You can even pack a Buddha bowl for a meal on the go by using a bento box to keep hot and cold ingredients separate. Combine them at the last minute when you’re ready to eat.
5 key components every bowl should include
The basic formula for creating a nourishing Buddha bowl full of flavor and healthy goodness can be broken down into five simple categories (with examples in parentheses).
Grains (brown rice, quinoa, millet, or wheat berries)
Vegetables (sweet potato chunks, dandelion greens, roasted peppers, grilled mushrooms, avocado)
Protein (grilled tofu, chickpeas, or lean poultry)
Sauce (creamy sriracha, buffalo ranch, hippie sauce)
Toppings (think “crunch”—pumpkin seeds, sesame seeds, cashews)
So how do you take those five components and add wildcrafted ingredients?
Vegetables (dandelion greens, ramps, morel mushrooms, sunchokes, purslane, sliced nopales)
Protein (wild-caught fish, nuts, homemade cheeses—okay, cheese isn’t wildcrafted, but if you make homemade cheeses, that’s wilder than most people ever get!)
Sauce (dandelion and pine nut pesto, nettle pesto)
Toppings (fried dandelion flowers, pine nuts, sunflower seeds, edible flower petals)
Here’s where the magic comes in …
A great sauce can take a bowl from blah to bang! Experiment with different sauces and toppings to make the blandest ingredients pop with flavor.
Here are three of my favorite sauces for you to try and some toppings ideas you can wildcraft or harvest from your garden. Feel free to adjust the ingredients to suit your taste!
This super simple sauce is a family favorite. Double the batch if you need more to go around. Topping ideas: spicy golden marigold petals or bright yellow sunflower petals.
½ cup mayonnaise (regular or vegan)
1–2 tablespoons sriracha
Fresh lemon juice (just a squeeze)
Combine mayo, sriracha, and lemon juice, and whisk together until well blended. Sprinkle with paprika and serve in a pretty bowl with a spoon for drizzling.
White Tiger Sauce
Unlike red tiger sauce, which gets its heat from peppers, this white tiger sauce variation takes its kick from a generous helping of horseradish. Add a pinch of garlic powder to take this sauce to the next level.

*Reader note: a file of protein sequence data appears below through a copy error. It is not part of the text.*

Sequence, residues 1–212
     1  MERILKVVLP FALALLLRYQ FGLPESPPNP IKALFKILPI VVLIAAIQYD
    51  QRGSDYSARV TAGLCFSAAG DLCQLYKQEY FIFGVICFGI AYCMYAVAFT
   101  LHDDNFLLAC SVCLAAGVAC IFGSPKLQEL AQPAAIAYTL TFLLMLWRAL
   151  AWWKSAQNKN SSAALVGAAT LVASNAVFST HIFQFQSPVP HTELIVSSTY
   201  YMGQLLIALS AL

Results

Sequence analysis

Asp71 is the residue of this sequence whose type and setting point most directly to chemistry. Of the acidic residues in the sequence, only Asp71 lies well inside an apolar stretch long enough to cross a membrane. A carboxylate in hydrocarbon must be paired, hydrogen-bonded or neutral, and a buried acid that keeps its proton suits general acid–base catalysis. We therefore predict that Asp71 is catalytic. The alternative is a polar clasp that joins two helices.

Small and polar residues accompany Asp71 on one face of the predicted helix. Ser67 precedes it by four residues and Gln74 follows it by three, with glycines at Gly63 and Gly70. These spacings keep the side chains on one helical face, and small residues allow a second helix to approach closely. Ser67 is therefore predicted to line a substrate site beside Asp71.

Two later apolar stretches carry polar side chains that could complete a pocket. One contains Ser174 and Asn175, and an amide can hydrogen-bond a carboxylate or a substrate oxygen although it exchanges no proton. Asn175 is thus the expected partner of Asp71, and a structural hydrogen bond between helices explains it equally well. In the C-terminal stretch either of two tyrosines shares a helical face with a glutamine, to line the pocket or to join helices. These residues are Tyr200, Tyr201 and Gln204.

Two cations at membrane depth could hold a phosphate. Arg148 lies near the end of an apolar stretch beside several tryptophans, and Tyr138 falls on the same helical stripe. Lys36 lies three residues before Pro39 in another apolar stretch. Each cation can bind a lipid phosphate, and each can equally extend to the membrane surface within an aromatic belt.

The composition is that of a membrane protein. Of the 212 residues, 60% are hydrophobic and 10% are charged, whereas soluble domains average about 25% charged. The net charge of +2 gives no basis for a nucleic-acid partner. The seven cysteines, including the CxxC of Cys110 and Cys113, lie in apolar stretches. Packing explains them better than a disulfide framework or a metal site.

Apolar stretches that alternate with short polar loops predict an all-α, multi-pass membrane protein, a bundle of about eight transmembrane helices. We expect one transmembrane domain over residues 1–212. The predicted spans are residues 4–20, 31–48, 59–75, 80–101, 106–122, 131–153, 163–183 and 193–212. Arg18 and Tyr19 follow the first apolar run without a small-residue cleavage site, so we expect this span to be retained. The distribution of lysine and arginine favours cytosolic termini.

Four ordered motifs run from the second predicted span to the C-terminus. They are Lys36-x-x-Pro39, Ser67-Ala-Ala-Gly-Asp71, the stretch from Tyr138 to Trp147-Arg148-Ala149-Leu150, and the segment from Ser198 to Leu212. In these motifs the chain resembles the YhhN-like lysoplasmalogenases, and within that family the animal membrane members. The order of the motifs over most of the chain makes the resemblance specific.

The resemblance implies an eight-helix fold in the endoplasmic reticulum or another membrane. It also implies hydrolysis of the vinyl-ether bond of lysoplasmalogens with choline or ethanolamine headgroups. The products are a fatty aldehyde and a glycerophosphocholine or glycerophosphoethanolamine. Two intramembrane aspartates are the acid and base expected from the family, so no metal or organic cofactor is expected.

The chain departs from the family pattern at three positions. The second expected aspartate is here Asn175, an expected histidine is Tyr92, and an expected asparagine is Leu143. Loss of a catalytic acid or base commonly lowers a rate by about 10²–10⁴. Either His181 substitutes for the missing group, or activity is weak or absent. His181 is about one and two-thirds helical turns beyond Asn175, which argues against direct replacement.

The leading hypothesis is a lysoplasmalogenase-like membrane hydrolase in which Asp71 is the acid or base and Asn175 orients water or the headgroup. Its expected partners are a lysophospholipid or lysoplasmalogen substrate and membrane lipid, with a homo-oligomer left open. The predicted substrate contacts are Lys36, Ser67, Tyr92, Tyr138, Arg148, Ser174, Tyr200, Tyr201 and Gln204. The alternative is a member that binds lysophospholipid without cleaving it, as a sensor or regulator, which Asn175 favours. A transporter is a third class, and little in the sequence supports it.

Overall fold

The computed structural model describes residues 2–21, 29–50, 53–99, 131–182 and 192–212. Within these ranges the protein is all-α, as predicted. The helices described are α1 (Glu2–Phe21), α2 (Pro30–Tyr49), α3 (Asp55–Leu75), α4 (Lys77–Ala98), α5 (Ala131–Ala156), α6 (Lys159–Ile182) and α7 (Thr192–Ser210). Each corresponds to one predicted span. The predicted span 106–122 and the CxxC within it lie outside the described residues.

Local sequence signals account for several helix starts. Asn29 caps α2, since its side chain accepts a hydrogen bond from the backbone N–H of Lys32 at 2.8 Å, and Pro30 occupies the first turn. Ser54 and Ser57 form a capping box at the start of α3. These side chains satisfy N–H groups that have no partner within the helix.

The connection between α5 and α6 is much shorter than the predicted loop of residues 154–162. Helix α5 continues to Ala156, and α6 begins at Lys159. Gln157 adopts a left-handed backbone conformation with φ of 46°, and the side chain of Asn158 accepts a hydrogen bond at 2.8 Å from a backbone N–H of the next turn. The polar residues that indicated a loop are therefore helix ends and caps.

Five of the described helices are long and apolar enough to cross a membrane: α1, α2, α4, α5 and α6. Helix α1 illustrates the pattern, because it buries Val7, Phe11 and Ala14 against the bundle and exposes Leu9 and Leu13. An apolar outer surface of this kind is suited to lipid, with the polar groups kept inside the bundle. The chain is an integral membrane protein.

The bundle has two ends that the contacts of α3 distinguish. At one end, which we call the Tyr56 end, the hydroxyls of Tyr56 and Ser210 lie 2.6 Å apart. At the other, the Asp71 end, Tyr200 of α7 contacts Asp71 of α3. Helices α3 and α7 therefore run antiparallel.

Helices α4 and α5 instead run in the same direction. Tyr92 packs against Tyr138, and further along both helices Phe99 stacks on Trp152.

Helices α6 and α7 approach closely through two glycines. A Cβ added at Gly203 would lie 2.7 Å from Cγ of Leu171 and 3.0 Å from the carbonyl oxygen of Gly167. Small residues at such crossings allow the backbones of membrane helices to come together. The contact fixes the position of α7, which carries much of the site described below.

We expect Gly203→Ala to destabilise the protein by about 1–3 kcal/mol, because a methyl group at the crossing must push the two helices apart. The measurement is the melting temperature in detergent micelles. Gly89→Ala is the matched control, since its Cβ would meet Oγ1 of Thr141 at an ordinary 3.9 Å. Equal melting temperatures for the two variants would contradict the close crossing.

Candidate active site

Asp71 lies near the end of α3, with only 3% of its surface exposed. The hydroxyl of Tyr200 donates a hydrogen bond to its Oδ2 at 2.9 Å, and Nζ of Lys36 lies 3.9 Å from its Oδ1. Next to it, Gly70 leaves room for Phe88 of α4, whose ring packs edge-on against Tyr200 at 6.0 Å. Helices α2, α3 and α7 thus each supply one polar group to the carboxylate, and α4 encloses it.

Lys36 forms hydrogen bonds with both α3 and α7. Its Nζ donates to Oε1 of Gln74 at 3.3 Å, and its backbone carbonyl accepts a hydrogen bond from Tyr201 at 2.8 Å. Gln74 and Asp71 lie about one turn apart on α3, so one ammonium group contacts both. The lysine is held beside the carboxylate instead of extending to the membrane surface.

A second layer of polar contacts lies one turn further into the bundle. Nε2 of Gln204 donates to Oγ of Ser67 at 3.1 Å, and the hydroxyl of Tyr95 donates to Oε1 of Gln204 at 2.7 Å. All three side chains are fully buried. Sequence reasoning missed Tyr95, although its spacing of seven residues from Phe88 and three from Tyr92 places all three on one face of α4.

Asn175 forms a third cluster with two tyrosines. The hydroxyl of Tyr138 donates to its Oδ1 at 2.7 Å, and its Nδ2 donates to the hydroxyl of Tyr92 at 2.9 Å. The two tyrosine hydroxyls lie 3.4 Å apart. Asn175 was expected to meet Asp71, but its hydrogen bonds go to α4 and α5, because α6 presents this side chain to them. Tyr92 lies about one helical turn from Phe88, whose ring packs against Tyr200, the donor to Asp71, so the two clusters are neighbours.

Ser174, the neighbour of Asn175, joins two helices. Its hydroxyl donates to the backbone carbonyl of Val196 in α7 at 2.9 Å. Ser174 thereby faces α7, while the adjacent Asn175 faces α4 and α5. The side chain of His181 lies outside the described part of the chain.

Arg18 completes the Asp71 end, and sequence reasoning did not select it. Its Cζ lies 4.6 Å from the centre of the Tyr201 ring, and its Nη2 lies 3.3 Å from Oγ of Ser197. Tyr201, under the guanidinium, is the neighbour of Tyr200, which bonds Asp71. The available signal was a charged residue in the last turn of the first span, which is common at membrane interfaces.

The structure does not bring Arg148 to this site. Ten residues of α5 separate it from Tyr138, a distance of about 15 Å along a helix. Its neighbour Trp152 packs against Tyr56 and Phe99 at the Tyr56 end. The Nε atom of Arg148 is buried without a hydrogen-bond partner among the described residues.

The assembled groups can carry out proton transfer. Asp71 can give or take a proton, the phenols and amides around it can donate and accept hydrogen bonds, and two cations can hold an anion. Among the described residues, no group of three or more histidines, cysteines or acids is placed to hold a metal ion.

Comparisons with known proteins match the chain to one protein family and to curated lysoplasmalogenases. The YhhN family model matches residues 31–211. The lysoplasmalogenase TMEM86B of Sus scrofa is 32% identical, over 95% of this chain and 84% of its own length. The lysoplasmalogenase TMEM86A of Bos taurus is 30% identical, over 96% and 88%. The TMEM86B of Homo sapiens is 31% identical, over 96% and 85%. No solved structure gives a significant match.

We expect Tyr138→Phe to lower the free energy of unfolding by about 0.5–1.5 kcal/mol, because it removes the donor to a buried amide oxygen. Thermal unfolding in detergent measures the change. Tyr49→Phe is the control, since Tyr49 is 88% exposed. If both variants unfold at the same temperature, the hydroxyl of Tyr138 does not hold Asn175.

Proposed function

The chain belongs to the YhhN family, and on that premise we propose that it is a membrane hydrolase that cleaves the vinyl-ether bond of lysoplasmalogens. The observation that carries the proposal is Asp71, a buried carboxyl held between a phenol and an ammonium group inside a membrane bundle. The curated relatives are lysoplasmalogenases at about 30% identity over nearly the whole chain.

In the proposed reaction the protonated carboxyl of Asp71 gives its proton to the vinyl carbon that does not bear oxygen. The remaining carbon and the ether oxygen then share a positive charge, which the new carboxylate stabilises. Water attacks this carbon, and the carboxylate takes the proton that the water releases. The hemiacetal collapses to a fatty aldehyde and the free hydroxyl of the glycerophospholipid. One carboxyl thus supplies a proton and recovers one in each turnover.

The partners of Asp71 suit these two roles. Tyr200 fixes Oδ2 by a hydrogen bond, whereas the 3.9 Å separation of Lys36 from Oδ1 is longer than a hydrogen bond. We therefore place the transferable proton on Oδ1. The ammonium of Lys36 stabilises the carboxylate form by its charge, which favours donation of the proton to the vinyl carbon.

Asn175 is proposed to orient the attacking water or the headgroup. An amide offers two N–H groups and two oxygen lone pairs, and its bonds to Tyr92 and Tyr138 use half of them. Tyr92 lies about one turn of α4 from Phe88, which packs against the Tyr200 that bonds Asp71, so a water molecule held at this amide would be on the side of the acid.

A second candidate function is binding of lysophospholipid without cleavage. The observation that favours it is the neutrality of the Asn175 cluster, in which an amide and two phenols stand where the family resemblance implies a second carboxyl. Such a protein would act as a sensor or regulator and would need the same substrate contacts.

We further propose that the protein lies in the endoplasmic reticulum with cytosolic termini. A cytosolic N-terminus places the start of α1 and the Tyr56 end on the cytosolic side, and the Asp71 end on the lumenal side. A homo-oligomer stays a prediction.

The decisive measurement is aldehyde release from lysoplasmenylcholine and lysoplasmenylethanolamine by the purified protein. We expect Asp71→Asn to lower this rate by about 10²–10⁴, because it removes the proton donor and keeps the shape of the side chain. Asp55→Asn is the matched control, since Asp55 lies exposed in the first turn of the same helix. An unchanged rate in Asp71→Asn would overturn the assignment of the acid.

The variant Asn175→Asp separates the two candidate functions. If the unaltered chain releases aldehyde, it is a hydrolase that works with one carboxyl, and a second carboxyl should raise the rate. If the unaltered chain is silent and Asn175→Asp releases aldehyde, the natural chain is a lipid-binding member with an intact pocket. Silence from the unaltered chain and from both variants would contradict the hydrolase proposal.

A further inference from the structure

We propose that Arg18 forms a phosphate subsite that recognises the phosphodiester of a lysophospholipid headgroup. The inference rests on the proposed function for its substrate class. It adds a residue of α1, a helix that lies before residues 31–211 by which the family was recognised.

Topping ideas: nasturtium blossoms or crispy fried dandelion blooms.
½ cup mayonnaise (regular or vegan)
3 tablespoons sour cream or cashew cream
¼ cup prepared horseradish
1 teaspoon ground dry mustard
Black pepper, cracked
Combine the first five ingredients and stir well to thoroughly blend the flavors. Top with cracked black pepper after drizzling over your favorite roasted veggie bowl combination.
My slightly sweet version of hippie sauce uses tahini as a base instead of mayo or sour cream. This vegan sauce is full of nutrients from tahini’s sesame seeds and the added nutritional yeast.
Topping ideas: peony petals or clover blossoms.
¼ cup tahini
⅛ cup water (or more if needed)
1 tablespoon white wine vinegar
1 tablespoon honey or maple syrup
2 teaspoons Dijon mustard
½ teaspoon ground ginger
2–3 tablespoons nutritional yeast
Pinch of finely ground sea salt
Add all ingredients to a small mixing bowl and whisk until blended. I especially enjoy this sauce with bowl ingredients such as bean sprouts, edamame, brown rice, butternut squash, and snow peas.
Want to learn more about healthy ingredients you can grow at home? Check out my post on sprouts and microgreens!